Thank you to Stovetop Story for this recipe Spicy Soba Noodle Soup | Stovetop Story. I was so excited to try it because it seemed like a quick, easy and delicious choice for a cold winter weeknight after work. Excited, and also a bit…apprehensive. As I’ve mentioned in other posts, my hubs is very meat and potatoes, and does not believe in meatless meals, let alone soup as a meal. His go-to response when something like kale or quinoa ends up on his plate has always been: “why can’t you cook something normal?”
So I have backed off on the superfoods/ancient grains and I make sure there is meat with every meal. Because despite how annoying that can be I want him to enjoy his dinner at home with me after he gets off a twelve hour shift. But yet… I WANTED that spicy soba noodle soup. So I decided to go for it and justified my decision by telling myself: he likes spicy food. He loves mushrooms. It’ll be so quick and easy. And I’ll make sure we have a good dessert. Yep, I actually whipped up a sour cream pound cake at the same time, that’s how easy the soup recipe is. Or maybe I’m just getting better at baking. (tip: make sure you leave your eggs and butter out at room temperature for at least 30 minutes before combining and mixing ingredients).
However, there were some slight hitches and modifications during the preparation of Stovetop Story’s recipe. First of all, it calls for pre-cooked soba noodles which I couldn’t find. That would have been REALLY easy. In fact, the first grocery story I went to didn’t have soba noodles at all. At the second store, in the international foods area, I found a slim package of uncooked noodles, labeled Japanese Buckwheat noodles. On the back of the package, it explains that the Japanese word for this type of noodle is soba. Which I already knew, because I used to work at an upscale Asian fusion restaurant. Besides the extra step of cooking the noodles, mine got a bit gummy after I drained them while waiting for the vegetable broth to boil. But it didn’t seem to make a difference once I added them to the broth.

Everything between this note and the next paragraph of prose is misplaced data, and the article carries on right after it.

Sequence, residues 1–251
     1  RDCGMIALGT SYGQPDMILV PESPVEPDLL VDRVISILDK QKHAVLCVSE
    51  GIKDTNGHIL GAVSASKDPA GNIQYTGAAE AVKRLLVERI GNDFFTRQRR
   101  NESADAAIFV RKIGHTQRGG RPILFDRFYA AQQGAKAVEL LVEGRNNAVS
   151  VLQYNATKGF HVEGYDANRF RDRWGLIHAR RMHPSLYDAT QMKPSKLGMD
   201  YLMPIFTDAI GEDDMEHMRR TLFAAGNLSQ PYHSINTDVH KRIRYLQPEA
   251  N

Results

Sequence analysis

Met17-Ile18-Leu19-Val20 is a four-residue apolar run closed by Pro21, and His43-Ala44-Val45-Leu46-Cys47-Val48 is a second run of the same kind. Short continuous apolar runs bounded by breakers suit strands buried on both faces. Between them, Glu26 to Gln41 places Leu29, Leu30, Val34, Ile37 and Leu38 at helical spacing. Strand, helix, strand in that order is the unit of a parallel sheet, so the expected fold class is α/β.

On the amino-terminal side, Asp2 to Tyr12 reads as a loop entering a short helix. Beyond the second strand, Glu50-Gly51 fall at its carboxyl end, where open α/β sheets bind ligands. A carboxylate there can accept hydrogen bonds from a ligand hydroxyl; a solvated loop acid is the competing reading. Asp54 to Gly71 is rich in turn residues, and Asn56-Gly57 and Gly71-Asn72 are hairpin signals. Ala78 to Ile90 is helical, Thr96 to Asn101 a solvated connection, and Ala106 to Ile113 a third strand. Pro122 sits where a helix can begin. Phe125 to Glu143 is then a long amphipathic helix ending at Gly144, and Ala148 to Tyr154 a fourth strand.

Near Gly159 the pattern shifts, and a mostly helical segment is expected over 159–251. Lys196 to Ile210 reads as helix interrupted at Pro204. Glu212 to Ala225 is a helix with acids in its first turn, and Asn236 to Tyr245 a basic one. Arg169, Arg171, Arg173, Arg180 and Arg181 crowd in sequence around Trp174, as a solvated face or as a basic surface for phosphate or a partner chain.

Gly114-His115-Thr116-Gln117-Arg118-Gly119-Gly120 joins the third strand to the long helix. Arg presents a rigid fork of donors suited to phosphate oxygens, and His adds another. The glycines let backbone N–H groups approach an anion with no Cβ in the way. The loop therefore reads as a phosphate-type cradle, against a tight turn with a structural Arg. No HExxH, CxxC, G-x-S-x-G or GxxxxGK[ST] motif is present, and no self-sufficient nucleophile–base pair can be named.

As for the mushroom, I sliced up two Portobello caps instead of one and I’m glad I did. The mushroom, kale and spicy sauce are what make this soup. My first taste of the soba was, dare I say, a little like cardboard? But I added more mushroom and lots of kale (I used a pre-washed bag) and ended up really enjoying this soup. And I also recommend doubling up on the spicy sauce so you can add lots of it, too.
On thing that didn’t work for me…the freeze dried spring onions that I used instead of fresh green onions. I had them on hand, but had never used them before. I love fresh herbs but they can be pricey and usually end up getting wasted because you often end up with more than you need. Am I wrong? But these freeze dried things are NOT the way to go. They don’t even tell you how much water to add and so they became more like mushy onions or crusty onions.
But that was the ONLY thing I found any complaint with. It was a pretty and tasty soup. My husband on the other hand….well, I have to give him props for being game to try it. But most of his ended up in the garbage can. How that is possible, I just don’t know. But, he did NOT like it. And I was very disappointed. No more Asian cooking in my future unless it’s when he’s not around.
I felt kind of bad, I mean… I KNEW he didn’t have a taste for that type of cooking, and I did it anyway. But I learned a thing or two. I won’t be using those freeze dried onions again. And I can whip up a spur of the moment pound cake like nobody’s business!
Fresh vs. freeze-dried (plus my room temp eggs for the pound cake)